Hospitality runs deep through Kate Barnett’s veins.

Raised in the City Hotel in Dunedin, the Cromwell woman grew up hearing stories of her as a 4-year-old sitting in the bar drinking a Shirley Temple.

Her mother Kay Elms, the hotel’s maitre’d, was the ‘‘hostess with the mostest’’ with her beautifully coiffed hair and 10cm stilettos, while father Stewart founded Felton Road wines with his daughter, kickstarting Mrs Barnett’s lifelong career and love affair with the Central Otago wine industry.

Now, after helping to create cellar doors and build other wine businesses, Mrs Barnett has stepped out on her own, opening Pinot Junction Wine Store and Eatery in the Cromwell Heritage Precinct.

Based in Murrells Cottage, the business came about after a ‘‘brain burst’’ in the middle of the night, she said.

It takes two . . . Kate and Matt Barnett. PHOTO: SHANNON THOMSON

‘‘At 3am one morning I woke [husband] Matt up and said ‘Oh my god, I’ve got it. I’m going to open a wine store’.’’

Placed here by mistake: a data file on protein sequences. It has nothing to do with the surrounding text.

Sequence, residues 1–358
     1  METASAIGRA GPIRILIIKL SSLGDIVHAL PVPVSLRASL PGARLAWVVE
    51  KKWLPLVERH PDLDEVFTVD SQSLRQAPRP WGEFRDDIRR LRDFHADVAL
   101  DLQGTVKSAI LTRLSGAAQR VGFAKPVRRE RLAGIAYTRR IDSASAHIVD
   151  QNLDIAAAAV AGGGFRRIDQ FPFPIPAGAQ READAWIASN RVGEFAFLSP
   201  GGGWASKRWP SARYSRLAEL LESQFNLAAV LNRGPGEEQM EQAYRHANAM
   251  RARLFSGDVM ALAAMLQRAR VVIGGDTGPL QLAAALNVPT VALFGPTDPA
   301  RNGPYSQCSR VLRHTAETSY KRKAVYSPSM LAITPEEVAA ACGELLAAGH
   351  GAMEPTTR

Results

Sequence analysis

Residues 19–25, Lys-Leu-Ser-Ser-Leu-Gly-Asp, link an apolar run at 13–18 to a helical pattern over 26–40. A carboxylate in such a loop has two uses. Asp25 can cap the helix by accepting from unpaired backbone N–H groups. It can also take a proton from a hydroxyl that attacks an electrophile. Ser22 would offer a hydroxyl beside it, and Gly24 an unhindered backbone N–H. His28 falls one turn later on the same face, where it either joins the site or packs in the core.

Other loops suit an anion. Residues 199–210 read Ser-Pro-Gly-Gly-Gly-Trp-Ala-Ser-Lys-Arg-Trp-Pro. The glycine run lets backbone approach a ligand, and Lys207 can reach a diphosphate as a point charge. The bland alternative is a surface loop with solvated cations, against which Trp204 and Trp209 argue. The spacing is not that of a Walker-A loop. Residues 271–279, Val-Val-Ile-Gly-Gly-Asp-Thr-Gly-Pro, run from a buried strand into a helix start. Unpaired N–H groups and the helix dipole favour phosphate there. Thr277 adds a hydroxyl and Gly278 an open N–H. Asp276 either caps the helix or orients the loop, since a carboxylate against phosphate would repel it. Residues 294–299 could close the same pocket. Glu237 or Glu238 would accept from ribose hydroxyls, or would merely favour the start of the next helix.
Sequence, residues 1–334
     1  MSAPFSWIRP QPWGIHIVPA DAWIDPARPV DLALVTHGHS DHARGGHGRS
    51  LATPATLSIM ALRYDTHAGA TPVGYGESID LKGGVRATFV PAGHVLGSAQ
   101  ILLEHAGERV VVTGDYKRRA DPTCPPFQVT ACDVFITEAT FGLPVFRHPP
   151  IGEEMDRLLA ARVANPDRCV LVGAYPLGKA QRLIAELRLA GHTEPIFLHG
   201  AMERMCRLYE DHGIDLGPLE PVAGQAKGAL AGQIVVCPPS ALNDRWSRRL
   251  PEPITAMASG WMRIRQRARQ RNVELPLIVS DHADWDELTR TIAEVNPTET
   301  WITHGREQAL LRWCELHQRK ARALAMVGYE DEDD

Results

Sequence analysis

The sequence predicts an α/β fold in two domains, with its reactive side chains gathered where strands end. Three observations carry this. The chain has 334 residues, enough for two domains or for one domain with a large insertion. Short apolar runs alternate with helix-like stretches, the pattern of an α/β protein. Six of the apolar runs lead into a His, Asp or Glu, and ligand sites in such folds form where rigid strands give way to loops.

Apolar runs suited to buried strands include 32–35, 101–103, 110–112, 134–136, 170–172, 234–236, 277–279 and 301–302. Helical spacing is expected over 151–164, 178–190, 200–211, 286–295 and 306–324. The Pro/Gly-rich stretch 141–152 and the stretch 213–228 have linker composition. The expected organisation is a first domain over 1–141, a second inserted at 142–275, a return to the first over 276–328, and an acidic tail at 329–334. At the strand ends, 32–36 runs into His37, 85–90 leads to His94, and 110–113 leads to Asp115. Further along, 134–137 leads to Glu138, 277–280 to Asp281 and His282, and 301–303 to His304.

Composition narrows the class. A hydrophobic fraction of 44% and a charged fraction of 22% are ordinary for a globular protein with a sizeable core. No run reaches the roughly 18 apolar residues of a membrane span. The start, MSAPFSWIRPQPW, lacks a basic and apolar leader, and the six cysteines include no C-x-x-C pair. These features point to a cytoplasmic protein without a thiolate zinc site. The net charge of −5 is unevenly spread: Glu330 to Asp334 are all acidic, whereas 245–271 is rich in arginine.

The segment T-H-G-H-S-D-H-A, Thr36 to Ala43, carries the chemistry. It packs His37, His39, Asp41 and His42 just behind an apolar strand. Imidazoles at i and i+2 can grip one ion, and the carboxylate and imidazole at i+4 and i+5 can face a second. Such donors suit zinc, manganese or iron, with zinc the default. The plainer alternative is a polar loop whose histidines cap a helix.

That night she wrote a business plan — of which much is still in play today — created the business concept and designed branding.

The return of tourists after Covid-19, her industry experience combined with ‘‘exceptional work’’ from Tourism Central Otago and Central Otago Winegrowers meant the timing was right, she said.

When she heard the owner of an Italian cafe in old Cromwell was keen to sell up, Mrs Barnett said she jumped at the chance.

After a whirlwind six weeks, the deal was done and since then it had been ‘‘baptism of fire’’, Mrs Barnett said.

‘‘The whole thing is so serendipitous it’s crazy.’’

Everyone, including lawyers and accountants, had worked ‘‘really hard to get it through’’.

Taste the region . . . Kate Barnett with one of the cafe’s signature platters. PHOTO: SHANNON THOMSON

‘‘It has been a massive six week learning curve.’’ Now open, Pinot Junction focuses on wine and produce from the region, with cabinet food and platters full of locally sourced goods — including baker Wendy’s cinnamon scrolls.

Mrs Barnett said it was a place for people to come, regardless of their experience and knowledge of wine, and sample what was on offer. ‘‘This is for locals and visitors,’’ she said.

‘‘There’s no pretence. ‘‘I just want to make memories with these wines — that’s what wines are all about.’’